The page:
Results 1  10
of
11
Using the Nyström Method to Speed Up Kernel Machines
 Advances in Neural Information Processing Systems 13
, 2001
"... A major problem for kernelbased predictors (such as Support Vector Machines and Gaussian processes) is that the amount of computation required to find the solution scales as O(n ), where n is the number of training examples. We show that an approximation to the eigendecomposition of the Gram matrix ..."
Abstract

Cited by 286 (6 self)
 Add to MetaCart
A major problem for kernelbased predictors (such as Support Vector Machines and Gaussian processes) is that the amount of computation required to find the solution scales as O(n ), where n is the number of training examples. We show that an approximation to the eigendecomposition of the Gram matrix can be computed by the Nyström method (which is used for the numerical solution of eigenproblems). This is achieved by carrying out an eigendecomposition on a smaller system of size m < n, and then expanding the results back up to n dimensions. The computational complexity of a predictor using this approximation is O(m n). We report experiments on the USPS and abalone data sets and show that we can set m n without any significant decrease in the accuracy of the solution.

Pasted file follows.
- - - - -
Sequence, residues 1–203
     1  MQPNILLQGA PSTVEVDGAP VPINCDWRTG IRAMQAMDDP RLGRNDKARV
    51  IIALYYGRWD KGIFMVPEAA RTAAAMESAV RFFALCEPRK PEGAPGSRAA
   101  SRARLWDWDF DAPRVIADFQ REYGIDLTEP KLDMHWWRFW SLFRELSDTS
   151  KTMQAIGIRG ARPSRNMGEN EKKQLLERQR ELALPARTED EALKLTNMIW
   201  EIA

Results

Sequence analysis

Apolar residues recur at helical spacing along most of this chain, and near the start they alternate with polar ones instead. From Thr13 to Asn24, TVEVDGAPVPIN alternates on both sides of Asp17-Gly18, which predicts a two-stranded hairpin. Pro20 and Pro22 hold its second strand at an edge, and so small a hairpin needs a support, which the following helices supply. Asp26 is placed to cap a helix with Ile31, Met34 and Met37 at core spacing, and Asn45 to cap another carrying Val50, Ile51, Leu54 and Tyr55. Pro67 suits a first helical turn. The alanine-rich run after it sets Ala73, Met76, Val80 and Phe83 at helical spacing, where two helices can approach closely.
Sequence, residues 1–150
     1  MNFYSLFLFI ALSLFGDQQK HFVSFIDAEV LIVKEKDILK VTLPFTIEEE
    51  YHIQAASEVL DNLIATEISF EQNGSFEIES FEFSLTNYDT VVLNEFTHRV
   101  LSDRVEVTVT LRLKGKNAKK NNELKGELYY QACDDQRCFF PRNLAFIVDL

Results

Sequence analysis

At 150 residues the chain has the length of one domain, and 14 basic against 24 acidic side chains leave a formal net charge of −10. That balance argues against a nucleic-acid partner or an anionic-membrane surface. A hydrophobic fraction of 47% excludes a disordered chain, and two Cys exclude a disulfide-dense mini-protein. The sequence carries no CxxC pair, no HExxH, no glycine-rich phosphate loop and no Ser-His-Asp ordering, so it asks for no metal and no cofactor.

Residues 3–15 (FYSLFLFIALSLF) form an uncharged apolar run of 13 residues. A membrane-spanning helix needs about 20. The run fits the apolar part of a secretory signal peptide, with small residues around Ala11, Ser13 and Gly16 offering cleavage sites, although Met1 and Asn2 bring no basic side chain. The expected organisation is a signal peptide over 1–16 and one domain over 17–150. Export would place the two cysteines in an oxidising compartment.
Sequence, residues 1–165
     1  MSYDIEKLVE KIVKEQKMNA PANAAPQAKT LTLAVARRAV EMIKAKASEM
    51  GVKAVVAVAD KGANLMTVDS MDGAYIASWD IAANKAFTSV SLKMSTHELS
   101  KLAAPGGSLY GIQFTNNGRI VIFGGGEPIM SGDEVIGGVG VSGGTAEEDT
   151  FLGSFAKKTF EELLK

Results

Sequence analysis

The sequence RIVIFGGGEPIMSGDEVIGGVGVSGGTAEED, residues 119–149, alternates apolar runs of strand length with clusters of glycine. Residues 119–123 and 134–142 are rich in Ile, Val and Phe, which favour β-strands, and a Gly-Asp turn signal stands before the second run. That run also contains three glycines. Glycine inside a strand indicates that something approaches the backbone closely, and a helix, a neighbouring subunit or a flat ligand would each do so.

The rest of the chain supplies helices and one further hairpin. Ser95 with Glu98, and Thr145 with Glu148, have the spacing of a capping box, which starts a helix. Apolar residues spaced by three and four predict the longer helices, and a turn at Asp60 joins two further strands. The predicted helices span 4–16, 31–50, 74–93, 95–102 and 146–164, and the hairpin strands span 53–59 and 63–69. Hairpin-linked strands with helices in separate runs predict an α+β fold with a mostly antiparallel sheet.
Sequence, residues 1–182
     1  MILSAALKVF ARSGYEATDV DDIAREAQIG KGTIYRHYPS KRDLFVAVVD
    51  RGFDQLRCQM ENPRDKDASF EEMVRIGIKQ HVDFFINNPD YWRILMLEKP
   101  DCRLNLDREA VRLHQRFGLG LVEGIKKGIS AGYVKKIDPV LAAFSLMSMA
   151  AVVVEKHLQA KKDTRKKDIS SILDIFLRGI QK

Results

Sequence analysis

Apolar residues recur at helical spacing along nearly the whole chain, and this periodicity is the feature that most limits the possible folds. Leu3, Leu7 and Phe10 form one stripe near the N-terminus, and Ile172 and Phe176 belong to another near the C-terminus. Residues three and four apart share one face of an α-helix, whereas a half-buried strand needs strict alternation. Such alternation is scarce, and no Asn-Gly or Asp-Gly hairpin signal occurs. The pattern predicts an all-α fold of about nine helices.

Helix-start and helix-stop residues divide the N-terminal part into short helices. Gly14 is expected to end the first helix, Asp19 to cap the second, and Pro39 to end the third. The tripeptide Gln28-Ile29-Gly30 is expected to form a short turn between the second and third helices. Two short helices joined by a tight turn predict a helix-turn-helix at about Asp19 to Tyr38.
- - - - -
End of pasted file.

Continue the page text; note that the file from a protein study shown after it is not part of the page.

On Clusterings: Good, Bad and Spectral
, 2000
"... We motivate and develop a natural bicriteria measure for assessing the quality of a clustering which avoids the drawbacks of existing measures. A simple recursive heuristic has polylogarithmic worstcase guarantees under the new measure. The main result of the paper is the analysis of a popular spe ..."
Abstract

Cited by 254 (12 self)
 Add to MetaCart
We motivate and develop a natural bicriteria measure for assessing the quality of a clustering which avoids the drawbacks of existing measures. A simple recursive heuristic has polylogarithmic worstcase guarantees under the new measure. The main result of the paper is the analysis of a popular spectral algorithm. One variant of spectral clustering turns out to have effective worstcase guarantees
Fast Monte Carlo Algorithms for Matrices II: Computing a LowRank Approximation to a Matrix